In efforts to alleviate the increasing cost of energy, Greek Prime Minister Kyriakos Mitsotakis pledged on Friday to extend relief and grant 400 million euros in aid this month to impacted households and businesses.
The financial support to be distributed in January to households and businesses now faced with skyrocketing energy prices will also be granted to farmers, the PM said.
“For one more month, the government will support households, farmers and now also businesses faced with the global turbulence in energy prices. For January alone it will make available an additional 400 million euros to cover a significant part of power bill increases,” he said.
The aim, Mitsotakis said, is to ensure there is flexibility so that businesses can continue on their path to growth, while safeguarding jobs and keeping production costs and product prices down.
Greek hoteliers operating year-round facilities hit hard by Covid-19 and now the soaring energy costs have repeatedly urged the government to include them in the support.
Among others the new measures to vulnerable households (primary residence) include an average monthly 42-euro grant to cover the rise in electricity bills and a subsidy for the replacement of old electrical appliances with new ones.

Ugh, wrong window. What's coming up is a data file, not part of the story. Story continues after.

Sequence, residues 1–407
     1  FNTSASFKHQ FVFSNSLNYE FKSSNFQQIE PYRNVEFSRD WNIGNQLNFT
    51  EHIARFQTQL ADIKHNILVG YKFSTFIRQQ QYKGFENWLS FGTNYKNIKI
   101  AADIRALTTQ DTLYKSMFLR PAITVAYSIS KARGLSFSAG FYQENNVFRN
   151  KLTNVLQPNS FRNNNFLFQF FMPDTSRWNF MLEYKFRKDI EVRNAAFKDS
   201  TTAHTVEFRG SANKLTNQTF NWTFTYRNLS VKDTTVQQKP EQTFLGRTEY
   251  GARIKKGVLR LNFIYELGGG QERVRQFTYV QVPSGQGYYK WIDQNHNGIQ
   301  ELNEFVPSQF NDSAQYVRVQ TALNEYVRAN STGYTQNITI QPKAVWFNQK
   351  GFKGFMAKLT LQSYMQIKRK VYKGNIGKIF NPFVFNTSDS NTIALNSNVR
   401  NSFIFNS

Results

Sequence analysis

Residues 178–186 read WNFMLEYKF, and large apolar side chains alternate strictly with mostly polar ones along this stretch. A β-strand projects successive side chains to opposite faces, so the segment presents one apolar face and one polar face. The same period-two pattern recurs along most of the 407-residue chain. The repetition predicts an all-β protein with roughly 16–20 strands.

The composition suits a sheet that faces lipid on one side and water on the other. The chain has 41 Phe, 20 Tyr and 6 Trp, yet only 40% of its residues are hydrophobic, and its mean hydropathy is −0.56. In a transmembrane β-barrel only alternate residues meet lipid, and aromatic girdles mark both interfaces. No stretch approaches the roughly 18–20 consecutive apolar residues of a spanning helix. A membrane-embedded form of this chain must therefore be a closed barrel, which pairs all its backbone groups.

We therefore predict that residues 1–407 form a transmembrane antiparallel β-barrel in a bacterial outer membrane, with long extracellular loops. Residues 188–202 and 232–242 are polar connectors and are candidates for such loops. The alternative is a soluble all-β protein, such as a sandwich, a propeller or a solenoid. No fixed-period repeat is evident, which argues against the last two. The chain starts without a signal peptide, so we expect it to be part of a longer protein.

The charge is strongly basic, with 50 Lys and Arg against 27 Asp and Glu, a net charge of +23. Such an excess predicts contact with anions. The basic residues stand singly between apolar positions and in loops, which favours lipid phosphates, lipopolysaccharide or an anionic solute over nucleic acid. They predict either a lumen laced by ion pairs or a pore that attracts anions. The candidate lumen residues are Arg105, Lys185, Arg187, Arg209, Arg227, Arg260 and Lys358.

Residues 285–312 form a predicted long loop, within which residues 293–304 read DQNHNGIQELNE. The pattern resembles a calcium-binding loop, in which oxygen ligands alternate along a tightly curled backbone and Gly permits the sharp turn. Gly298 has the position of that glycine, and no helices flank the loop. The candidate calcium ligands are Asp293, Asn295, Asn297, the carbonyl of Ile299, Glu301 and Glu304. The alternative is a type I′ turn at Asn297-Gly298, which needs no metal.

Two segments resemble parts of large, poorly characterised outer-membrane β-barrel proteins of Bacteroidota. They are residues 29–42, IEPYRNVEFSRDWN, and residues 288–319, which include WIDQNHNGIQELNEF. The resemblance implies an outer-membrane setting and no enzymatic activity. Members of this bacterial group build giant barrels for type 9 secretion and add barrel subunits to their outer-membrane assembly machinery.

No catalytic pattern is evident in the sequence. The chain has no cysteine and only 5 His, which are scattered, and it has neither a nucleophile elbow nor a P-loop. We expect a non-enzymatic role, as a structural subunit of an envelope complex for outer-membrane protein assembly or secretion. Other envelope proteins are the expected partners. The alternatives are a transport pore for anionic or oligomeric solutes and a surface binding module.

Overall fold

“Our goal is for all Greek homes to operate with modern and more economical electrical equipment,” Mitsotakis said.
A total of 130 million euros has been set aside to help businesses cover electricity bills. In a press conference on Friday, Energy Minister Kostas Skrekas said the aid would cover 90 percent of extra costs for low-income consumers and 50 percent of the increased cost for all monthly consumption of businesses regardless of activity.
Last year, relief measures came to 1.35 billion euros. This year, support will be funded by revenues from Greece’s carbon emissions trading mechanism.
Skrekas said the government would reassess the need for additional measures in February and adjust subsidies by sector.
Greece has repeatedly called on the EU to work towards a targeted, common policy to address the energy crisis.